- one-off grant payments under the Department for Economy’s New Self-Employed Support Scheme, which provides financial support to newly self-employed people whose business is impacted by Covid-19 and who have not been able to access support from the SEISS;
- one-off payments under the Department for Infrastructure’s Taxi Driver Financial Assistance Scheme provided to help with directly incurred overhead costs and expenses;
- a grant payment made under the Department of Education’s Childcare Sustainability Support Fund which provides help with additional costs of operating within Covid-19 guidance and provides financial support to childcare providers operating with reduced demand for services; and
- help from charities to those who have been unable to access either the Coronavirus Job Retention Scheme or SEISS, for example freelance screen industry workers.
AQW 13479/17-22 Mr Alex Easton (DUP - North Down)To ask the Minister for Communities what her Department can do to prevent pay back of Advanced Payments, especially if the claim for Universal Credit is approved.
Anyone suffering financial hardship when making their Universal Credit claim can apply for a non-repayable grant through the Universal Credit Contingency Fund. They do not need to take an Advance Payment before claiming the Contingency Fund grant. This is unique support, only available to people claiming Universal Credit here. Information about the Contingency Fund grant is provided to everyone making a claim through a welcome message on their on-line journal account. People are advised of the Contingency Fund grant before any reference to the Advance Payment option. The message also includes a link to the Contingency Fund application form.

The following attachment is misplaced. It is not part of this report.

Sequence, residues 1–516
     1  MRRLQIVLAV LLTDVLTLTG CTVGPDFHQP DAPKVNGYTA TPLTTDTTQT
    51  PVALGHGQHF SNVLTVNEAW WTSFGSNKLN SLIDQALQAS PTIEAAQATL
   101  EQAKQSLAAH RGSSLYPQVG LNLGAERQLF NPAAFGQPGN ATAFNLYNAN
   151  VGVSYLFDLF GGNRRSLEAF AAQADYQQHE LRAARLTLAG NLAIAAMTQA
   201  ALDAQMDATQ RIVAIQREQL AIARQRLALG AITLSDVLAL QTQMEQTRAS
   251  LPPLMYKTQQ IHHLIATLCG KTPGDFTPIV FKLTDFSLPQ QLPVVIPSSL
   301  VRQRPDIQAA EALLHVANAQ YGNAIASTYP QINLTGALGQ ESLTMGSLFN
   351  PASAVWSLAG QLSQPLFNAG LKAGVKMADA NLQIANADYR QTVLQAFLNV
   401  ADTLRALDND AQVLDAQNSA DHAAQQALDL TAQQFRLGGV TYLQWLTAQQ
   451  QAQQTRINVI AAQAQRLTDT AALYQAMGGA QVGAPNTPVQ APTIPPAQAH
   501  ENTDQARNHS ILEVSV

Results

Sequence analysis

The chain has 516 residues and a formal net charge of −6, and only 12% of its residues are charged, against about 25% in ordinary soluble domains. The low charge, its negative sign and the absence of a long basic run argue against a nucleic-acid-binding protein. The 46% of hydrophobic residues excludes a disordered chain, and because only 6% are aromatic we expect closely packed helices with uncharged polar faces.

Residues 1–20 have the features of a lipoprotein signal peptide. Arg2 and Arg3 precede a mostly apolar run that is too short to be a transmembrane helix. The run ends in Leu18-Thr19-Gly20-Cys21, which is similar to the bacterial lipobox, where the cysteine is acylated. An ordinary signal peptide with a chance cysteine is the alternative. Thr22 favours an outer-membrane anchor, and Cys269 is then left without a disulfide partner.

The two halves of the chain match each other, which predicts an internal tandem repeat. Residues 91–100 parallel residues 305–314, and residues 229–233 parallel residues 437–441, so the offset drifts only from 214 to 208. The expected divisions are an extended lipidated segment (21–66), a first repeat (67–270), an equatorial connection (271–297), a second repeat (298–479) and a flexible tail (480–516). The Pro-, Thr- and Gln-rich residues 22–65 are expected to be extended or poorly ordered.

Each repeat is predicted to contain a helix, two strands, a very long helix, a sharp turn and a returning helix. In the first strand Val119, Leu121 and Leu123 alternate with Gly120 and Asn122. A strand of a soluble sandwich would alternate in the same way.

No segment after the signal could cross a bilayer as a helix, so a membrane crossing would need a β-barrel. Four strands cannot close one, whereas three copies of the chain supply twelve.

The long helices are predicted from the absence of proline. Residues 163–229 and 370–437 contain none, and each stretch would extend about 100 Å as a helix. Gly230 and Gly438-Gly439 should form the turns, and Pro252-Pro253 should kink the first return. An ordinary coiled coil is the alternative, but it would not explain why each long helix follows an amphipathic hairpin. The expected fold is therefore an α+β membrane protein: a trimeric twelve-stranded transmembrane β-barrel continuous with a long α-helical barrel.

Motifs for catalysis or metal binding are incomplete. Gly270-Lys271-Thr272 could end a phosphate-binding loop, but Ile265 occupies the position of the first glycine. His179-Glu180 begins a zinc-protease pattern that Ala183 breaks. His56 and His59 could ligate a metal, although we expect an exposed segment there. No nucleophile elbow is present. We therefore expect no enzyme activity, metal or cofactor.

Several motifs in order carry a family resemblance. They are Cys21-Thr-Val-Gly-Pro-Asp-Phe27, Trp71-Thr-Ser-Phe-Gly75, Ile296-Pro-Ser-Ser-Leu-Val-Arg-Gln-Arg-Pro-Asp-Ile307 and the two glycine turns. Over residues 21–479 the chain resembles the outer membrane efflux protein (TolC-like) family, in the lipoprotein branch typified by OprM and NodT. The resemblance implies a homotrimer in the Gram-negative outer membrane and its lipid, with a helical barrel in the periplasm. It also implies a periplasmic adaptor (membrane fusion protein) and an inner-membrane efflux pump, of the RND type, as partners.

With respect to the Advance Payment, currently people have up to 12 months to pay back the advance payment. This can be extended to 15 months if a person is experiencing financial difficulty. The repayment period will be extended to 24 months for all claims from October 2021. It is not possible for my Department, as these are advances of a person’s Universal Credit award, to prevent pay back of Advanced Payments. However...anyone experiencing financial hardship in repaying an Advance Payment can contact the Department’s Debt Management team, on 0800 587 1322, to discuss the options available to them.
AQO 1566/17-22 Ms Sinéad Bradley (SDLP - South Down)To ask the Minister for Communities for her assessment of the operation of split payments in Universal Credit.
Firstly, I would like to state that I am committed to protecting and assisting the most vulnerable in our society and recognise the importance of the ability to be able to split a Universal Credit payment, particularly for victims of domestic violence and their families. With respect to the operation of split payments in Universal Credit, while the payment process is not currently automated, a manual process is in place. A person can request at any point in the life of the claim that their payment is split between both partners. They can do this by using their online journal or by contacting their Service Centre on 0800 012 1331. There are no preconditions for asking for a split payment. When deciding how the payment should be split the Decision Maker will consider the person and their partner’s circumstances and take account of factors such as any pattern of domestic violence and/or abuse that has been verified and who is the main carer of any children. There are currently five live claims that are being paid as split payments between two partners.